I believe the caller who said that the car needs to weigh more than 4000 lbs to be deductible as a business expense is incorrect. We deducted our Honda Accord sedan, which was used solely for business purposes, for years; our accountant approved. I think that the rule is that you have to use the car for business only, not that it has to be a certain type of car.
Leasing vehicles for business purposes can be tricky because there are dollar limitations on the amount that can be taken and also, it is based on the business vs. personal use percentage.
I'm a very busy new yorker who likes kids but simply does not have time to have time to have a child of my own. I would like like to lease a child, a rescue would be fine. Ages 3-6, after that they go down in value.
Dogs are pack animals. Renting them out is not only cruel, but severely unnatural.
Leasing dogs, must be one of the sickest things i've ever heard of. what sad lives we lead.
While it's not dog-leasing, I do have a relevant story. My parents live in Buffalo, NY and have a young Lakeland Terrier. He's a great, friendly dog. My sister and her husband live in the West Village, want a dog, but can't have one full-time (work, etc). So, my parents are driving the dog down to NYC and will leave him with my sister for the month they're in FLA. My sister gets a taste of pet-ownership and my parents don't have to board the dog!
dog leasing = animal abuse. What's wrong with these people?
Dog leasing abusive. They will get emotionally attached then get yanked off to the next person. NO to dog leasing and I don't even like dogs, cats, birds etc...
I went to the dealership with the intention of only leasing because I can't afford to finance. It was also an unexpected purchase because my previous car had to be replaced.
I don't drive but my brother started leasing cars about 8 years ago and he swears that it's worth it economically and care wise.
As a business such as a farm could possibly depreciate a farm animal, a dog rental business could depreciate a dog for the price that they paid for it plus any improvements (spaying, perhaps). If it was rescued the price they paid would be $0 and therefore, no depreciation unless they spent money on improvements.
While the idea of depreciating a pet seems strange and less than compassionate, as a CPA I would say that the businesses are doing it out of necessity. They are probably not allowed to write off the expense of acquisition of the pets all in the year that they are purchased, but are required to expense over the life of the animal.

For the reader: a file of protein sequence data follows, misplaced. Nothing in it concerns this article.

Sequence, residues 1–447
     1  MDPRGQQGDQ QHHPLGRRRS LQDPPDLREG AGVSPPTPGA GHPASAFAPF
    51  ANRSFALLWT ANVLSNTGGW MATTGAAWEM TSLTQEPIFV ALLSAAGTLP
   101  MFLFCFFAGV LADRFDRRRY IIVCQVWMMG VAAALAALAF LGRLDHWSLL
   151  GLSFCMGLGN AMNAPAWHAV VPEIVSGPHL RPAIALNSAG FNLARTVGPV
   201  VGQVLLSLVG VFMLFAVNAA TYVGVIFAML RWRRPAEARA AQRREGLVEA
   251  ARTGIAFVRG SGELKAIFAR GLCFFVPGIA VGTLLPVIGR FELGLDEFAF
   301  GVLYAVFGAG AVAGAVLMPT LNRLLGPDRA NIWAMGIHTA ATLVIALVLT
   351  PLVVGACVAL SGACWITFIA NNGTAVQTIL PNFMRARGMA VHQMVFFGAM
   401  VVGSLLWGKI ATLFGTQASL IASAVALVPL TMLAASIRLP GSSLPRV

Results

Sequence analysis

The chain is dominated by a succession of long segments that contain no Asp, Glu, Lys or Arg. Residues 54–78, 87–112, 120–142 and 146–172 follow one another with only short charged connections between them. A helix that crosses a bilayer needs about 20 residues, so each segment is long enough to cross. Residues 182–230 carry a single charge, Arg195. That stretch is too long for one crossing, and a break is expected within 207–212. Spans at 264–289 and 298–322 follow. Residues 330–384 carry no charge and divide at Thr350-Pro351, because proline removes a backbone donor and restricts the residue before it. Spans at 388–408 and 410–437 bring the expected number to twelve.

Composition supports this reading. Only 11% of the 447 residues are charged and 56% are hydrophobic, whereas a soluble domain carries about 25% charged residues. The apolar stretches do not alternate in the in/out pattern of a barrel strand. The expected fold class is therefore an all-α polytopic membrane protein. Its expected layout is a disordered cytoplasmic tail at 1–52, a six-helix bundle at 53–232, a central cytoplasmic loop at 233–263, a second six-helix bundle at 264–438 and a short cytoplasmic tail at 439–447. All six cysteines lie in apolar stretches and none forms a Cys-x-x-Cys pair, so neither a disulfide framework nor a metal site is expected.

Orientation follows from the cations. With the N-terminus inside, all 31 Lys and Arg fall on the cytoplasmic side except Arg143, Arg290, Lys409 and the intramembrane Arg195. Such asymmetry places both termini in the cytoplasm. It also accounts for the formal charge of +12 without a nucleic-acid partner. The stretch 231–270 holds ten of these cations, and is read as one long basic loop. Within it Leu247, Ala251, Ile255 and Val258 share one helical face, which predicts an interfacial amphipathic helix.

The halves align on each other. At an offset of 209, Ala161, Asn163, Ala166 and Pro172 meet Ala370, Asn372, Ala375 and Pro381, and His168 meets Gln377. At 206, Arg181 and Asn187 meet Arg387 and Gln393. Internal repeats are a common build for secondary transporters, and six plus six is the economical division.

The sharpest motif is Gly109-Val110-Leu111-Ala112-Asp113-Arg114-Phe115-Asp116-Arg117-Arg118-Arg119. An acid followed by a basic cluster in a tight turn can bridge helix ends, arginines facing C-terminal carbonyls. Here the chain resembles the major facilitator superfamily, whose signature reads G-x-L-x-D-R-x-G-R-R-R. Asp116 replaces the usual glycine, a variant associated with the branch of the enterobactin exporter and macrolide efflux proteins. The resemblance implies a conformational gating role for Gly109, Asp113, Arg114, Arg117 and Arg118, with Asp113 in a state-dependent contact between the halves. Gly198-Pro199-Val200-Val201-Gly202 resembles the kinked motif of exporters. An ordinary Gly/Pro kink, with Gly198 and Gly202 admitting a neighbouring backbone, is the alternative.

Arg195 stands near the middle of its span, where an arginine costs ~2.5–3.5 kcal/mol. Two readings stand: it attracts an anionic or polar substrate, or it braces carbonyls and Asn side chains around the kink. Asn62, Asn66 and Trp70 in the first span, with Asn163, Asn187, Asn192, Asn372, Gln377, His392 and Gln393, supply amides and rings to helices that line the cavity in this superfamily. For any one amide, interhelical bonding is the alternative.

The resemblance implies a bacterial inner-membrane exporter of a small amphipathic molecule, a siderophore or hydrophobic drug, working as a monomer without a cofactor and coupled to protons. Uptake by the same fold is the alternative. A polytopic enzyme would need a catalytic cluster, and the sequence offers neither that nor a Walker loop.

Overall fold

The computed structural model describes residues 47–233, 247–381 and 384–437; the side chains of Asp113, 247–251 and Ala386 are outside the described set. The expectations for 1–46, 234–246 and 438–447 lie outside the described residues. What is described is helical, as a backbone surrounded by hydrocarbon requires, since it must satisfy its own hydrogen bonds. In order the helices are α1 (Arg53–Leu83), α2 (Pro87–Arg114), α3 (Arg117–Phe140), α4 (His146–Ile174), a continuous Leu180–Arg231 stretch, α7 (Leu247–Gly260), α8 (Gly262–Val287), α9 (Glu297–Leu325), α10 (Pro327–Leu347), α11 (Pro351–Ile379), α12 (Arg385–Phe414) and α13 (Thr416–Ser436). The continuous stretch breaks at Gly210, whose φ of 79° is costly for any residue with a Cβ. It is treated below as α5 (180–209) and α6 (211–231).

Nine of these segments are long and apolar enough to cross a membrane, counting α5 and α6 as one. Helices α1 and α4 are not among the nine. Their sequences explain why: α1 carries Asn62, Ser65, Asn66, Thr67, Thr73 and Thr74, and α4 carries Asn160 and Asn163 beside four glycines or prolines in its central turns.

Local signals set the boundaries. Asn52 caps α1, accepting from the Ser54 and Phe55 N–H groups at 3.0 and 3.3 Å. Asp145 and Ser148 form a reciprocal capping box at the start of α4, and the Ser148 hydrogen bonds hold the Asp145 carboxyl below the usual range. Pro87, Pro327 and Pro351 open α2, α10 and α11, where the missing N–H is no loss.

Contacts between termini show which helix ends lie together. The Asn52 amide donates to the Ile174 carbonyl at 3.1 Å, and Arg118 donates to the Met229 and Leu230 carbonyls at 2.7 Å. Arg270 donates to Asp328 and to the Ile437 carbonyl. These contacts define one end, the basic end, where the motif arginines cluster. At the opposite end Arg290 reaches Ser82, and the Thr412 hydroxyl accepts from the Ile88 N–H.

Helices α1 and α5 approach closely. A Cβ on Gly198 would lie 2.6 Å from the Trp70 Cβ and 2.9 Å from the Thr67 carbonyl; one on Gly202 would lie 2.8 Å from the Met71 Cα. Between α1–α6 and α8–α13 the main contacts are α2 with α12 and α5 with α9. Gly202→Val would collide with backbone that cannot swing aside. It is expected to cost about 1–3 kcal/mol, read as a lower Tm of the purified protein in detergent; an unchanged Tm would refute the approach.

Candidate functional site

I am a dog owner and I think this is a dumb idea. I'm busy and still find time to feed, walk and care for my dog.
What is with people who cannot make commitments yet still want the benefit of commitments? Animals form attachments to people. Should the dog have to keep reforming attachments, re-experiencing separation anxiety?
Oh, right, it's a money-maker.
Can we rent out our two labs instead of hiring a housesitter when we go on vacation? They're very nice dogs! (Eat alot, though . . . .)
This makes me very sad- There are so many shelters that desperately need foster homes for animals for short periods of time, and all the dogs need daily walks. I am one of those who doesn't feel I have the stability or time to give a pet a good home, but I always make time to walk dogs at the BARC shelter in Brooklyn or play with the cats.
We lease two Volvos, a wagon for our business and a sedan to get around. Volvo does the repair work and we just drive the car. We get a brand new car every three years. (Don't do four years; the car starts to have problems that the lease doesn't cover, and you're out of pocket for the costs.)
I’ve never even owned a car, but I assumed the reason people leased over buying was status. They can probably afford to lease a nicer or higher status car than they could buy and they have the added perk of a new car every 36 months.
It is cruel. Would you lease a child? Oh well I guess that's what foster care is if you think about.
Leasing a dog is ridiculous!
I leased a car once to be able to change out to a new car every 2 to 3 years.